What Does A Genetic Counselor Do?

Technological advances in the field of medicine will fuel a huge demand for genetic counselors. Specifically, developments in the area of genomics and innovations done in laboratory testing have widened the scope of testing and analyses for genetic counselors.

The main task of genetic counselors is to educate and provide support to patients and families who are struggling with or are most likely going to deal with a genetic condition. They work with different types of patients ranging from pregnant women to newborn babies to families with a history of mental disorders, cancer or other genetic abnormalities. Genetic counselors enlighten their clients about their condition and teach them ways to adapt to their situation as well as point them to resources or services that would help them cope with the problem effectively.

Genetic counselors take down a patient’s medical history in their first visit. In order to get a complete profile of patients who are suspected of having a particular genetic disorder, they might ask questions about their health, inquire about the medical conditions faced by other members of the family and even get information on their ethnic heritage. The information gathered during this interview is crucial in giving genetic counselors a clear idea of the health of the patient and in identifying what the problem is.

In order to arrive at a definite diagnosis, genetic counselors may recommend further tests and the necessary laboratory work to be performed for this purpose. They explain important details about these tests to their clients and their families so the latter can understand why the tests need to be done and what conditions it can or cannot identify. They also explain the procedures and provide the length of time before results can be obtained. When the results are in, genetic counselors interpret them so that an accurate diagnosis can be provided. They would then recommend the next steps that clients should undertake.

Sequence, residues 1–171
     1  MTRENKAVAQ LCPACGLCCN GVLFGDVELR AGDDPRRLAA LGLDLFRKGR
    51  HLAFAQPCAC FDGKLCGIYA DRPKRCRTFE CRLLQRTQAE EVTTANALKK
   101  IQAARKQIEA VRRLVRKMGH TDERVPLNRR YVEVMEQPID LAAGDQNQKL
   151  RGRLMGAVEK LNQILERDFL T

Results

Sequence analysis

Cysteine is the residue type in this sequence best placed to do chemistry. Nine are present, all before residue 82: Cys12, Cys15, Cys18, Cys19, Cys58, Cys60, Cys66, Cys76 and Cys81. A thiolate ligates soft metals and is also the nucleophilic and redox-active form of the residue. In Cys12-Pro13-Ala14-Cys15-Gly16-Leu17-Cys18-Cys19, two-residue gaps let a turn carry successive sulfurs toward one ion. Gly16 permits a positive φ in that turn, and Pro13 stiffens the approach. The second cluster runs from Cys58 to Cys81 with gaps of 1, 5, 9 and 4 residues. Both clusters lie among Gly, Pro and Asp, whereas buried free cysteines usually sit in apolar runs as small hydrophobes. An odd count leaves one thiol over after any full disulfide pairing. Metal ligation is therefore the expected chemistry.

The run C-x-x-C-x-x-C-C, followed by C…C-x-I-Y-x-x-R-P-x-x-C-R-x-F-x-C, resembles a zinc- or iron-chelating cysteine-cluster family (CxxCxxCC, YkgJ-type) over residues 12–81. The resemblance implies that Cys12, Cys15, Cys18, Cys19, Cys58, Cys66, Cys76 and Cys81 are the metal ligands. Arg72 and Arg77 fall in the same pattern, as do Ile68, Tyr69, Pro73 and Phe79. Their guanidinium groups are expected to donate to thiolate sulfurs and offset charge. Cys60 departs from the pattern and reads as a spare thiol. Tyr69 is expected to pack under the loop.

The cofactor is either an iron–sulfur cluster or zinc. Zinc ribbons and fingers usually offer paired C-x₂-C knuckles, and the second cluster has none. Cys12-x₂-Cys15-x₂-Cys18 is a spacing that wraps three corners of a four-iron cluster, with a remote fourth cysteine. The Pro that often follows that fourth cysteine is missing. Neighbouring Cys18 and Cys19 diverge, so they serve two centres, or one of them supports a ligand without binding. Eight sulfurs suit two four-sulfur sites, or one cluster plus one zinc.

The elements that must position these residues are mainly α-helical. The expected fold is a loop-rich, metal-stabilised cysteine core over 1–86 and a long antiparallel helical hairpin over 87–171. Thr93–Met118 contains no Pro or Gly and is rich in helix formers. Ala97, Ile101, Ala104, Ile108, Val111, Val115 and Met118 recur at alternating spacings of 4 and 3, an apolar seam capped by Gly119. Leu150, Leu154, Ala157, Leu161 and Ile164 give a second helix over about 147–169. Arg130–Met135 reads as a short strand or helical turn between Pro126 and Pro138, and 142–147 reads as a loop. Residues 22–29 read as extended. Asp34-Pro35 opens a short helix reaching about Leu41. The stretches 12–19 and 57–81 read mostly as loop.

Writing comprehensive reports about a patient’s condition for both the patients and their families as well as for their attending medical doctors is also part of their work. To do this correctly, genetic counselors need to review the patient’s medical history and the results of their laboratory tests. They would also perform additional research if necessary to ensure accuracy.

After all the laboratory results have come out and a diagnosis has been made, genetic counselors, together with the rest of the medical team come up with a treatment plan to be followed. In addition to medication, treatment often involves educating the patients and the rest of the members of the family on the social, psychological and emotional effects of the condition and ways to manage it.

When they are not meeting clients, it is also part of the job of genetic counselors to continue to keep themselves updated on the latest developments in their field. They read journals, websites and other resources so they are kept abreast of the latest findings and information about various genetic abnormalities. Some would even perform independent research on a particular disorder so they can contribute to the fast-growing body of knowledge in this exciting field. Other genetic counselors also hold teaching responsibilities in colleges and universities in addition to their clinical work.

Career Spotlight: Genetic Counselor

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